The San Diego City Council unanimously approved a 20-story apartment tower project casting a shadow, literally and figuratively, on some residents in Bankers Hill.
The plan calls for demolishing an old 16-unit complex right next to St. Paul's Episcopal Church on Olive Street between 5th and 6th avenues in favor of a 223-foot tower with 18 affordable housing units on site.
Residents of the neighborhood have been split over the project. Earlier this month, opponents protested the proposal using umbrellas to show how the new building would cast a shadow over Balboa Park.
“This is Godzilla. This is a rogue project,” Leo Wilson said. He’s been fighting the project alongside Bankers Hill 150, a community group that wants developers to adhere to the 150-foot height limit recommended by community planners.
“There's a novel that was called 'Darkness At Noon.' That's what going to happen here,” he said.
Wilson and others are concerned “6th and Olive” won't truly address affordable housing despite 18 of its more than 200 units being earmarked for that purpose.
“Let’s be serious. They're giving this development 70 extra feet – a massive amount more space. Even with 18 units, there should be 30 or 40 more affordable units,” he argued.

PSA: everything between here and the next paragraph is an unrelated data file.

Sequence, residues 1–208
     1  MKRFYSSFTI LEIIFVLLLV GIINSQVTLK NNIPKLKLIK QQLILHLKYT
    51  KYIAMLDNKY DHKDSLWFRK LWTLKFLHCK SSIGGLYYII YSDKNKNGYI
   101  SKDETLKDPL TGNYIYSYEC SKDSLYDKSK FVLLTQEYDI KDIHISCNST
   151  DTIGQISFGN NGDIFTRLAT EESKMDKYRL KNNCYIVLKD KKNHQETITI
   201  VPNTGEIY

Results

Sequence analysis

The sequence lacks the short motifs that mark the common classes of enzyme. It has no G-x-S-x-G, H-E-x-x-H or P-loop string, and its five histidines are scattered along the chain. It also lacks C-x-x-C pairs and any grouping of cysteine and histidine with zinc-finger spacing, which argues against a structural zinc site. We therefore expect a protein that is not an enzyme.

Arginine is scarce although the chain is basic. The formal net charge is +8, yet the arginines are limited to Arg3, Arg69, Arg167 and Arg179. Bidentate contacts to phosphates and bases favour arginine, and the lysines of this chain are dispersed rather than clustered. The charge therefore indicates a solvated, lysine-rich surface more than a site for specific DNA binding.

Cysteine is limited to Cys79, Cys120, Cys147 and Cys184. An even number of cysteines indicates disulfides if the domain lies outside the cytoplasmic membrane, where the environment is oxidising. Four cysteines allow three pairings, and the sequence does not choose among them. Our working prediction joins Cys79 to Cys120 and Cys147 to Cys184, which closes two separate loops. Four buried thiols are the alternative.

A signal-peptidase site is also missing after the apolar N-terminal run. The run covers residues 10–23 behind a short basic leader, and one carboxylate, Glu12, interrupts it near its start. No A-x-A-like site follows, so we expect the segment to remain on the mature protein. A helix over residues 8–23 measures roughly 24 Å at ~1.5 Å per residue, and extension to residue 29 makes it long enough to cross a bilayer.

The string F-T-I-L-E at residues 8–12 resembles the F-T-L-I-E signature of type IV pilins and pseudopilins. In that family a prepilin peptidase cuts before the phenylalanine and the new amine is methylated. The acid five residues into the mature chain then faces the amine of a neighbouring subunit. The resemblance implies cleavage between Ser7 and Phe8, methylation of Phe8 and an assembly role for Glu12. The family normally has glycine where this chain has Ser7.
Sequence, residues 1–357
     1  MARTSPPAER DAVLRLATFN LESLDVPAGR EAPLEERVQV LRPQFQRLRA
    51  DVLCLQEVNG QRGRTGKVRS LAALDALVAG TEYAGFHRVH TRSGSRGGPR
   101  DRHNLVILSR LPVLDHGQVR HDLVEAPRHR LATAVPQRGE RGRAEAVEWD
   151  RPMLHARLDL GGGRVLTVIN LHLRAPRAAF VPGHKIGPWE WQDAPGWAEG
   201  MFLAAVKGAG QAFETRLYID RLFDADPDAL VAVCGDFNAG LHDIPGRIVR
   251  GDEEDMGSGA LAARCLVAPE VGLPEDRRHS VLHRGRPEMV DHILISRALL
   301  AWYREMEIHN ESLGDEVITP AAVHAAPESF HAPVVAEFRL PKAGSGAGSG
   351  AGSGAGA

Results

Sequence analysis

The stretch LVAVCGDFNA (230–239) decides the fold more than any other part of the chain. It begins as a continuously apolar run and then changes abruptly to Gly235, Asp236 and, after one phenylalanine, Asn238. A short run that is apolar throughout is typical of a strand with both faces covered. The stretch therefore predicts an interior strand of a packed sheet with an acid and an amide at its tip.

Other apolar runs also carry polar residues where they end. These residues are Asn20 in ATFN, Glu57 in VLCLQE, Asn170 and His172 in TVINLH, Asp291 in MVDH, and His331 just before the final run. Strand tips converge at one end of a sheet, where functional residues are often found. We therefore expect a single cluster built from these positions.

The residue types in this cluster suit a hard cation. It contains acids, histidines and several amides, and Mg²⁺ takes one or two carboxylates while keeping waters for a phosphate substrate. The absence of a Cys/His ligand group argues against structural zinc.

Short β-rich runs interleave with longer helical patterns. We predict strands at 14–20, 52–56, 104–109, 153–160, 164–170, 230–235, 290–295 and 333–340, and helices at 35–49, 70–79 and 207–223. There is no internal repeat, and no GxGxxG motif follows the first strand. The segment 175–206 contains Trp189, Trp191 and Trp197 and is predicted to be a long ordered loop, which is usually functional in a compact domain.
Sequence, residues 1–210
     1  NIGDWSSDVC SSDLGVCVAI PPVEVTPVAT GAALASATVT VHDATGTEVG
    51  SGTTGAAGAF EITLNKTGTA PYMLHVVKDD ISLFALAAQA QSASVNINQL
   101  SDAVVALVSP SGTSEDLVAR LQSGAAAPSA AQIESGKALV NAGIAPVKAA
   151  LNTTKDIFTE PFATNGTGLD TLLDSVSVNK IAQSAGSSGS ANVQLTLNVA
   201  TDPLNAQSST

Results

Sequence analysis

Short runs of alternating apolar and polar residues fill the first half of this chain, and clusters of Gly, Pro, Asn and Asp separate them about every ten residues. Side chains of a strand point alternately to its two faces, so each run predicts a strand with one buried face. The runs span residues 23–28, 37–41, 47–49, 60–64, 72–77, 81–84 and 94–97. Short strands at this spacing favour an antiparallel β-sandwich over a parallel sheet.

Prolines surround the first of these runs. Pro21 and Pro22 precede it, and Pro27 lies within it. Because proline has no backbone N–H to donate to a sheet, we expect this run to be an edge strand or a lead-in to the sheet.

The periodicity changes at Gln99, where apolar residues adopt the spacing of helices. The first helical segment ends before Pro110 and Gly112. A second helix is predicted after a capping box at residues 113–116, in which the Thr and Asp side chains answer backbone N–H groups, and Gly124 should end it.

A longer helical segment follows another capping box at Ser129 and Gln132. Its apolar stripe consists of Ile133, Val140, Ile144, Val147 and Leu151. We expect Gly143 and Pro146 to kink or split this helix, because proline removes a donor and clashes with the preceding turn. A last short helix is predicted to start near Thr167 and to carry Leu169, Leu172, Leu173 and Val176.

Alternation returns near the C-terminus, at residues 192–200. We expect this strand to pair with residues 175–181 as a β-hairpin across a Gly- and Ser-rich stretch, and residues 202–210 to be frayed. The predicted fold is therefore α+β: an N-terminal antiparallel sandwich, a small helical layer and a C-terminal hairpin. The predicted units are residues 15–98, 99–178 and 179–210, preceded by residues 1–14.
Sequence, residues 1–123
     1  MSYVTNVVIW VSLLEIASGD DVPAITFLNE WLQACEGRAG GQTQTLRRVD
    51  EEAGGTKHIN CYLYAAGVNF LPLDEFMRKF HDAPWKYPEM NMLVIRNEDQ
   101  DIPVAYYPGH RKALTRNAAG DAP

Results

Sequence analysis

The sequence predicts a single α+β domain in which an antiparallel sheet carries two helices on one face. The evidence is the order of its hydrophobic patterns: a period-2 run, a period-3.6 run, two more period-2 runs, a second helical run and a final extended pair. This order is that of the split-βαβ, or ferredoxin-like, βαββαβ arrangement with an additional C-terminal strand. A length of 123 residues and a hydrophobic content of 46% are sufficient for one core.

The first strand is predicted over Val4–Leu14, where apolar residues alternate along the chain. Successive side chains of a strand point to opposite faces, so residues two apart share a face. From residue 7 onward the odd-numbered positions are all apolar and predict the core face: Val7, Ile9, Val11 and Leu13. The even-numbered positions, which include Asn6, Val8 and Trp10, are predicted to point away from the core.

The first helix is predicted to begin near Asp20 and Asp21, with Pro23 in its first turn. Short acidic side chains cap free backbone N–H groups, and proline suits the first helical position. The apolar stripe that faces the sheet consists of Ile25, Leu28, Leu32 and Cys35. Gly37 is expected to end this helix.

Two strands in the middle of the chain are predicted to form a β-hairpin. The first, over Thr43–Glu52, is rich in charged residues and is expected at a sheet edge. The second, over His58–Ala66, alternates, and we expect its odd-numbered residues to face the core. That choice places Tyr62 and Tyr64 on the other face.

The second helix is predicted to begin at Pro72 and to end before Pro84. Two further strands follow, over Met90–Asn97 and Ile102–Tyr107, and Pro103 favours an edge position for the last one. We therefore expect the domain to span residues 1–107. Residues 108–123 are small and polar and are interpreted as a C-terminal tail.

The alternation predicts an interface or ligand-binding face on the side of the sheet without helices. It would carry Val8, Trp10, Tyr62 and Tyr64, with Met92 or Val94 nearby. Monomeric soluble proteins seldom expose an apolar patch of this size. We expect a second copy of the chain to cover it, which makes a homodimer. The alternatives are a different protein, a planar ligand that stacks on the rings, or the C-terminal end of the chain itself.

San Diegan Mark Kaupp is excited about what the building will do for the city’s skyline.
“I'd love for the whole stretch along the park to look like New York right along Central Park. That would be amazing,” he said.
The City Council’s unanimous vote comes two weeks after Mayor Kevin Faulconer's State of the City Address in which he pushed for more high-density, affordable housing projects.
Councilman Chris Ward, who represents Bankers Hill, noted that excessive shade was a concern but it wasn’t cause enough to vote against the project.
Despite the unanimous vote, the developers of 6th and Olive could find themselves in court. That’s because opponents believe there were environmental review processes that may not have been followed.